Now, crouched on the beach, I keep going over what he taught me, not least the notion that other legitimate worlds existed outside my own: a tiny life in a terraced house in a colourless, London suburb where my pink-and-white parents, so it seemed to me, cared most of all about what the neighbours might think. I guess I learned then about tolerance and perspectives, and courage.
And, with the benefit of hindsight, I came to understand that things don’t have to be what at first they might seem. These days, just mention ‘old man and young boy’ and alarm bells start shrieking - but what I mainly learned from him, extremely luckily you might think, is that appearance isn’t all. Our relationship was gentle, kindly, lacking any nefarious intent; I loved him and, I believe, in some fashion he was fond of me. For those few days he was simply the granddad I’d never had.
Shortly after that holiday my Auntie sold up and moved to Spain so I never did return here. It’s only now I’ve come back to close the circle. The internet and emails are a great invention and through them, I was able to discover that he had indeed ended his days here, buried alongside the sailors’ chapel on the hill overlooking the sea. The graveyard is a tiny, roughly-tended space with few comparatively recent additions so it took me no time, this morning, to find him:
John Askew “Tattoo Jonny”
1901-1977
Call Me Ishmael
I couldn’t help but smile. The epitaph was obviously chosen by someone who had encountered the essence of him and hopefully, like me, had seen the world differently as a result. Perhaps this was what I came here for: confirmation that his life had been of value to someone other than me.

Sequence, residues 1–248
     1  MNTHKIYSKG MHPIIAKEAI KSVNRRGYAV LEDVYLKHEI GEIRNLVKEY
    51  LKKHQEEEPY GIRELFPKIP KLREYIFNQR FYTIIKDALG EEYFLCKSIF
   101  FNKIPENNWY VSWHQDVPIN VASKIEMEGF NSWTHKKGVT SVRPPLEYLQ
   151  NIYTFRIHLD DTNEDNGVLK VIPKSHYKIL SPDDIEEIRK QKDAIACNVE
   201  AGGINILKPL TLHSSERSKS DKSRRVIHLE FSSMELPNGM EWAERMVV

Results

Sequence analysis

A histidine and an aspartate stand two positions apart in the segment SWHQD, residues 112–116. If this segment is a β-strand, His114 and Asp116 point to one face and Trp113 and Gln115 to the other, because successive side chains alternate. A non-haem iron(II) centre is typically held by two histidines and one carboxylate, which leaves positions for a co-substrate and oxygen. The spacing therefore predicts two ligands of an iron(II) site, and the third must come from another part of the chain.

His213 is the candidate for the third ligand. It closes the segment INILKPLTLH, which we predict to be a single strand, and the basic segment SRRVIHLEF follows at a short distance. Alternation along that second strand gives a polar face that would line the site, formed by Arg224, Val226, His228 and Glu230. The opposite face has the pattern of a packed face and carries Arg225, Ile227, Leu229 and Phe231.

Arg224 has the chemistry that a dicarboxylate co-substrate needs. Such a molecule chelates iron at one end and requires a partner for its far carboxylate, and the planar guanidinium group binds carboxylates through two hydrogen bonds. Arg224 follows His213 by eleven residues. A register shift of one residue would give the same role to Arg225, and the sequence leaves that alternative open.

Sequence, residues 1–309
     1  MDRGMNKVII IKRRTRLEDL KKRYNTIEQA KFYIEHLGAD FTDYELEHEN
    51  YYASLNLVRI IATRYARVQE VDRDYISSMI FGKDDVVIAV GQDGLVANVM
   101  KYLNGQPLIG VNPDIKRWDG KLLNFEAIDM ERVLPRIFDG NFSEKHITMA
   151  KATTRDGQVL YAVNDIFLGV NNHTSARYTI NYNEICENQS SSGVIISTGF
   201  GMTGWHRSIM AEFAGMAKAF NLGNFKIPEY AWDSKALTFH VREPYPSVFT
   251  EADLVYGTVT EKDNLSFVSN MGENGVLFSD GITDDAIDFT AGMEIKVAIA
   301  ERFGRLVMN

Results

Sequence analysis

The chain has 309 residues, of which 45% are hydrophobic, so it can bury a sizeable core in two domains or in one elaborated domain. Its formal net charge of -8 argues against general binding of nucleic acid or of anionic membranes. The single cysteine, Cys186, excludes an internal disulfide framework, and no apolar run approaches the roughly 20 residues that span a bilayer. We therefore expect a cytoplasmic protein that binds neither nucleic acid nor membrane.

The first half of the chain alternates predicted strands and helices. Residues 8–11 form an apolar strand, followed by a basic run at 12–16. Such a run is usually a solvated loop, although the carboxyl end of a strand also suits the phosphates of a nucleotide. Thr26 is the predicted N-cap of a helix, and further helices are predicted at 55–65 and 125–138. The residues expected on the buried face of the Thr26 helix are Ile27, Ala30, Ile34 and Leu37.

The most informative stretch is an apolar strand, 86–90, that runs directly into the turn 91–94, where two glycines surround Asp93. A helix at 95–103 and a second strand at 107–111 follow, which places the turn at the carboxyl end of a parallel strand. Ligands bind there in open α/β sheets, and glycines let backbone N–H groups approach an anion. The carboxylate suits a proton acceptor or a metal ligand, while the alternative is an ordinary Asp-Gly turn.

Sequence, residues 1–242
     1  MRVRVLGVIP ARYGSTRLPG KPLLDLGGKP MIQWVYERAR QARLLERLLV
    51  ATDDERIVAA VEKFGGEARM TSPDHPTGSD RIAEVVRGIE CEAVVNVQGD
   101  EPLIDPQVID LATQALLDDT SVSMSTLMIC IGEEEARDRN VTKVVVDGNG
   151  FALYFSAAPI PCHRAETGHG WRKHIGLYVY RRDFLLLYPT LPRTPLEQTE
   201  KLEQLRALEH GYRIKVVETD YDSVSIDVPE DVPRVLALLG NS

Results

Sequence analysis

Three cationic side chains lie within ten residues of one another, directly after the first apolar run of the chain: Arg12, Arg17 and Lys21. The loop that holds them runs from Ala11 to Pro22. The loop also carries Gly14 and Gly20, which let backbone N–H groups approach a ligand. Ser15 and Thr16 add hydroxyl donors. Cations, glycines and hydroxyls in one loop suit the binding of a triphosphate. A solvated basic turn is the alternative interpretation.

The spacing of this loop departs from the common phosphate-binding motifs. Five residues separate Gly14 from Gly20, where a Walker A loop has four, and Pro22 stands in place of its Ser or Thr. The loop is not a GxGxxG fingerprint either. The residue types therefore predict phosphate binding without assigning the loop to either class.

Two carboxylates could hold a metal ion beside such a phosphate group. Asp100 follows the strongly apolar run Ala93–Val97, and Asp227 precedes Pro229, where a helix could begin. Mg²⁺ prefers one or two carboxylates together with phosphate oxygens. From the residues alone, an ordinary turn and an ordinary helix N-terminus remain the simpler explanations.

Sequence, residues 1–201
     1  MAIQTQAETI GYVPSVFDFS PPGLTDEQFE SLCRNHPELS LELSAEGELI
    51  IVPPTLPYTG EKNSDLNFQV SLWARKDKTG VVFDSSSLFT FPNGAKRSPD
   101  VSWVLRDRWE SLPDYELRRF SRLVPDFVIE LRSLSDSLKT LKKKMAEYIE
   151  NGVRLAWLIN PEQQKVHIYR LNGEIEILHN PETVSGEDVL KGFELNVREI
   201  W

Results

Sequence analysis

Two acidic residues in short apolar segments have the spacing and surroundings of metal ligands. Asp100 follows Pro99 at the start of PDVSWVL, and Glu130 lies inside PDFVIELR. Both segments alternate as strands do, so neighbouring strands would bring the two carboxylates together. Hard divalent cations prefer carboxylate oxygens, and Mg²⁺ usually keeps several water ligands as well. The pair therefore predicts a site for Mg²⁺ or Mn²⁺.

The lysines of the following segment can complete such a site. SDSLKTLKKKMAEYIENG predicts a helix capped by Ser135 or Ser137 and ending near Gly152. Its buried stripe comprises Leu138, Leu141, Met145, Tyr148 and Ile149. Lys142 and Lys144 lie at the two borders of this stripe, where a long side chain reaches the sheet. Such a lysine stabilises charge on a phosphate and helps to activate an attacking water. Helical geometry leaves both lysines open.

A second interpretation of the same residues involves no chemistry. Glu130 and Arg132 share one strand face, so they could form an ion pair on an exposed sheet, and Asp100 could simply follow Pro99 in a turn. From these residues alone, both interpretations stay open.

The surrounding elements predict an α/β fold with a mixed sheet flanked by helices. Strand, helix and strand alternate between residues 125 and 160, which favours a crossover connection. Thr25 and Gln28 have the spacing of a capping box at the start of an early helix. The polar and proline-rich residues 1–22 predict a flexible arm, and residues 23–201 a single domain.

Back then, as now, I felt his friendship was one of the most precious things I had ever experienced and naïve though I was, I knew enough to be circumspect in order not to have it sullied or challenged. So I didn’t tell my Auntie about my new pal, fearing she might stop me from seeing him, and I never mentioned a word about him to my parents.
At the end of the week when, reluctantly, I returned home to them and my bawling baby sister, my heart heavy with loss, I simply said, Yes thank you, I had a very nice time.

 

Judges Comments

Call Me Ishmael, the runner-up in or Open Short Story Competition, is a gentle yet profound story about a pivotal friendship between a lonely child and a flamboyantly weathered old seaman, Tattoo Johnny.

It's told in the first person, which enhances its sense of personal nostalgia, which in this case isn't just a question of looking back, but of weighing the impact of an encounter whose significance has deepened over time. The story itself, and its moral, is effectively simple: the narrator meets a person whose fearsome appearance belies his kindness, and their friendship not only salvages a summer, but has a life-changing, eye-opening knock-on effect. The magic in this kind, life-affirming story is all in the wonderfully evoked details, many of them relating th the story's theme of the sea and marine life. Dianne conjures the gift of fish and chips: white satin flesh and chips as golden and crisp as woodchips; Tattoo Johnny's multiple rings gliting like goldfish.

It's a story where apparently small things – fish, chips, crabs – are amplified to give them a resonance that shows that really, they are big things: friendship, generosity, the gift of imagination. The time the narrator shares with with Tattoo Johnny marks a passage from childhood innocence to the experience of adulthood, which gives a particular significance to the title, and Tattoo Johnny's introduction, Call Me Ishmael. Just as Ishmael drew the reader into Herman Melville's epic Moby Dick, Tattoo Johnny's role in this story is to guide the narrator into adulthood – and as she tells their tale, Dianne is leading the reader on their own voyage of discovery, gently guiding them through a wise and thoughtful story that illuminates the lifelong effect of kindness and companionship, and the importance of seeing below the surface to the heart of what's important.